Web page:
CHATTANOOGA, TN (WDEF) - Lawmakers in Washington are focused on immigration reform this year.
The congress will try to fix a badly flawed program that impacts the future welfare of millions.
But most of that attention is focused on undocumented people---those who are here illegally.
The immigration system can also impact the lives of those who are working legally in the United States.
Sometimes the stories we report affect us news folks personally.
Such is the case with this young man---James Mahon.
You've seen his work here on News 12 since January.
James is a talented journalist who just happened to be born in Ireland.
He's not a green card worker.
He's here legally with a work permit--or at least he was until yesterday.
As of now he's out of work because his request for an extension is buried somewhere in the vaults at the Immigration service.
JAMES MAHON, JOURNALIST "It's close to impossible to try and do the right thing. It's becoming more and more of a challenge to stay here legally, and work here legally and continue paying taxes..than I would have ever imagined."
His plight has not escaped other news organizations and even the talk shows like this one on WGOW 102.3.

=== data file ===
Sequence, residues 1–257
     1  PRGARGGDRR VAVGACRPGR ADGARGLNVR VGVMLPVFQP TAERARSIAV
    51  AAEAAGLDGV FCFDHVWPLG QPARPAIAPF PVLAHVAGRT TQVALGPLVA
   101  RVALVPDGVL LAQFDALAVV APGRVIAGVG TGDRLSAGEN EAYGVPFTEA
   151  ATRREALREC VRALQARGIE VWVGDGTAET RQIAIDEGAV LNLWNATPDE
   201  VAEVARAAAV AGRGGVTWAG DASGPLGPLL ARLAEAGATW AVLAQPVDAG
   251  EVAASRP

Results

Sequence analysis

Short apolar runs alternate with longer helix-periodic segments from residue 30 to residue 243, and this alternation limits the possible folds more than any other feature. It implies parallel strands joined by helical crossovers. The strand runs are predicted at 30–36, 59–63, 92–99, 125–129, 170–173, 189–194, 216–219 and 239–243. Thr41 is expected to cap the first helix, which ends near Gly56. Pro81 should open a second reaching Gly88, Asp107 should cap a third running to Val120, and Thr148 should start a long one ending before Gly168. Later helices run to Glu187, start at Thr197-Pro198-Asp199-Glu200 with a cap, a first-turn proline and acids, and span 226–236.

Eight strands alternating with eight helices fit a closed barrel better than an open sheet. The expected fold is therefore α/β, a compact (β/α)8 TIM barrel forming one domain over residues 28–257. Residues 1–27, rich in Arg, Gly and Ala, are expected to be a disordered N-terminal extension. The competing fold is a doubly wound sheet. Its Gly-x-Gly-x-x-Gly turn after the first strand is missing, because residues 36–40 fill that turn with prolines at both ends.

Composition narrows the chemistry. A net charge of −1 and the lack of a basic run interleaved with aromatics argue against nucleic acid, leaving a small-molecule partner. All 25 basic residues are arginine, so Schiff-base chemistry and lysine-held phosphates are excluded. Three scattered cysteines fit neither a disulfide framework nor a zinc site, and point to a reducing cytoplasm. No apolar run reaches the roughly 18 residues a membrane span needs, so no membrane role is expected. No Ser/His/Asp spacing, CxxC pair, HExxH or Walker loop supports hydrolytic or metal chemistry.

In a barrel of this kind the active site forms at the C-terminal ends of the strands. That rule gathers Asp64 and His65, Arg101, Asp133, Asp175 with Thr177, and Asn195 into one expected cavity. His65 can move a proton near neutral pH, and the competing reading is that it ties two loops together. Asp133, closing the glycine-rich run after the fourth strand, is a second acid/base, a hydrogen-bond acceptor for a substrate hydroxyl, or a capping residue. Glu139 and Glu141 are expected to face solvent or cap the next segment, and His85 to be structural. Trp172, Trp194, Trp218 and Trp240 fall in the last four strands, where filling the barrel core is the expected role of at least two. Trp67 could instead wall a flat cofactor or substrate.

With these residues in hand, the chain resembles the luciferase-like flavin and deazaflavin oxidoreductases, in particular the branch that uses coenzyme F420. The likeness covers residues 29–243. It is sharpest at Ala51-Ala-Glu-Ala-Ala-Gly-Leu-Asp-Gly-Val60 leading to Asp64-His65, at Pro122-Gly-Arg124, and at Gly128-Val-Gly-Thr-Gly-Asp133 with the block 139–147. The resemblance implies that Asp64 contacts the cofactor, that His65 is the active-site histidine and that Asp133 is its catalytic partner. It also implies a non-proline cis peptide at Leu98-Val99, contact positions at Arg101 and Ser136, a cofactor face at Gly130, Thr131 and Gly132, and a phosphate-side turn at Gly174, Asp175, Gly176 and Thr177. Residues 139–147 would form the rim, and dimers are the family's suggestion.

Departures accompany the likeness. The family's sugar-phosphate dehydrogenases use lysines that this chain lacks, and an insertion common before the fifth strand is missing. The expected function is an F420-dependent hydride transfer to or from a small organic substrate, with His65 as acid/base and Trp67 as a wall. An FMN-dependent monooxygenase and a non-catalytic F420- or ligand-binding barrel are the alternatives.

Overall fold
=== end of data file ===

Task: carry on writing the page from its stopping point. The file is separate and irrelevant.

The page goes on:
A journalism group in New York is circulating a "Let's Save James" petition.
He is in the U.S. on the same kind of work visa that allows performers and sports figures to stay here.
Unlike James, they are not still building a high profile career.
He's had to spend thousands of dollars on legal fees, and wait since August for a simple document extending his work period.
JAMES MAHON "A lot of it seems to be bureaucracy . A lot of it seems to be filing paperwork and waiting around. And that is unfortunate in that in situations like this, where I want to keep working, try to keep contributing in some respect ..maybe not to an extraordinary standard but at least trying to contribute to society."
But in the meanwhile---James is in limbo.
JAMES MAHON "Until then, I can't do anything. Until I can drive, I can't work, I have to just sit and wait."
We're all hoping that bureaucratic snag can be worked out soon and that James can return daily reporting. .
Since there doesn't seem to be a compelling reason for the delay in granting permission for him to work, James contacted Senator Bob Corker's office and a representative from Congressman Chuck Fleischmann's office.
We're told they are both making inquiries with Homeland Security and the Immigration Service.